We captured every shot with just one person operating a camera the size of a DSLR, but the footage looks roughly equivalent to 65mm. The film premiered on Short of the Week today, and I’m here to tell you how we did it. Check out the short below to see for yourself. More details after the jump.
Large-format cinematography has become very popular lately. Full frame cameras like the Sony Venice, RED Monstro, and ARRI Alexa LF have enabled filmmakers to capture footage with larger sensors, creating a distinct look and aesthetic upgrade from traditional Super 35-sized formats.
In the cinema world, the next step up from full-frame is the Alexa 65, which can be prohibitively expensive for a low-budget production. However, something else caught my eye after doing some research. This camera isn’t by any means unknown—it’s very popular among high-end commercial photographers—but I hadn’t seen much mention of it within the established filmmaking community: the Fujifilm GFX 100.
The Fujifilm GFX 100 hooked up to a follow focus and external recorder. This rig is compact, durable, and much cheaper than comparable cinema setups.Credit: Brett Cramer
In the picture above, we have a build consisting of the Tilta Nucleus Follow Focus, Atomos Ninja V with 500GB Angelbird AtomX SSDmini, Gold Mount Battery, 12” rods, Mitakon Zhongyi Speedmaster 65mm F/1.4 lens.
The feature that excited me the most was its massive 44x33 sensor, which is a step up from the 36x24 sensor found in most full-frame cameras. Despite its classification as “medium format”—an old photography term—this is actually quite bigger than full-frame and comparable in size to the Alexa 65 when used in 16:9 mode.
Credit: pCAM Pro—Film+DigitalYou can see the helpful sensor size comparison between medium format, full-frame, and Super 35. The GFX 100’s sensor is almost twice the size of super 35, and it’s even bigger than full-frame. The sensor area is about the same as the Alexa 65’s in 16:9 mode.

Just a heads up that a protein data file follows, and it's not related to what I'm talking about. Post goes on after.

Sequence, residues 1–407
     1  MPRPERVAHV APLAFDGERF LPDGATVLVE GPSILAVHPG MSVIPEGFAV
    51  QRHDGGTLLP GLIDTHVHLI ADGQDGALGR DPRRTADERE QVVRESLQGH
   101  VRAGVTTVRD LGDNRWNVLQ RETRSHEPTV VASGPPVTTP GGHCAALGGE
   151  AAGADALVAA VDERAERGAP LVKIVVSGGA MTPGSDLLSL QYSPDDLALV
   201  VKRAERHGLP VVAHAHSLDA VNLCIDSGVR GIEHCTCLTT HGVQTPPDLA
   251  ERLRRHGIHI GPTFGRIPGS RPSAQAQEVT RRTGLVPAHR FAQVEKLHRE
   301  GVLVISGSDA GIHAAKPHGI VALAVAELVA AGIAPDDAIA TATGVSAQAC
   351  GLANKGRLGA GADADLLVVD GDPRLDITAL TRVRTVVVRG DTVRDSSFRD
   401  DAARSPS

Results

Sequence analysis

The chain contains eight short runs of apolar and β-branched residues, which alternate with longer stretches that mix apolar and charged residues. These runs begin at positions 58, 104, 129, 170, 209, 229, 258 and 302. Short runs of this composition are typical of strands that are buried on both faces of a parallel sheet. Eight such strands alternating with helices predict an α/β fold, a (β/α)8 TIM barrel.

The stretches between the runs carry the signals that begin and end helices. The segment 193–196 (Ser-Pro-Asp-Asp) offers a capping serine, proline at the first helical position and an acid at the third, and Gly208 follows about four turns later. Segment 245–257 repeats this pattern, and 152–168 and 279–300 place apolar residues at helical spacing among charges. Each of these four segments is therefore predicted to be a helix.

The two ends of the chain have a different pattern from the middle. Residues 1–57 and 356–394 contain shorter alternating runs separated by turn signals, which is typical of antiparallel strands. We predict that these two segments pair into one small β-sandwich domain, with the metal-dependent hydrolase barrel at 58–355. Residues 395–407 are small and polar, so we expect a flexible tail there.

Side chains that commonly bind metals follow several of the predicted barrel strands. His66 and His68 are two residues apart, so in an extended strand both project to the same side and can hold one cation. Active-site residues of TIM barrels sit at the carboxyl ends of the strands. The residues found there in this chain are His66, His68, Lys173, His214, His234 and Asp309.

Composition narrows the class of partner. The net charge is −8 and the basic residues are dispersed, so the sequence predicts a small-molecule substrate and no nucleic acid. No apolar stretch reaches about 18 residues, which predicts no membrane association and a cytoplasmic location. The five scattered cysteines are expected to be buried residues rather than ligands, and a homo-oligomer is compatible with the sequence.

The GFX 100 boasts tons of video-specific features, such as 4K 10-bit 4:2:2 with the use of an external recorder. (A recent firmware upgrade enables ProRes RAW on an Atomos Ninja V.) It also has in-body image stabilization, audio recording tools, HFR options up to 60fps, and fantastic color profiles based on Fujifilm’s proprietary “Eterna” film stock. Once I found one available for rent at a nearby photography store, I knew this camera would be the right choice.
You might have seen an article I wrote last December where I covered how we made a compelling and polished indie film on a shoestring budget. This time, I’ll examine the nuts and bolts of crafting an impactful large-format image.
Lensing with a Medium-Format Sensor
The first thing you’ll notice when using a sensor this large is that all of your lenses behave differently. They will not produce the same angle of view as they would on a full-frame or Super 35-sized camera. It’s important to become familiar with the focal length conversions so you can compensate accordingly.
I recommend you download the “pCAM Pro—Film+Digital” app on your phone. It’s available on the App Store and is very useful for calculating focal length differences between different sensor sizes. Check out the example below.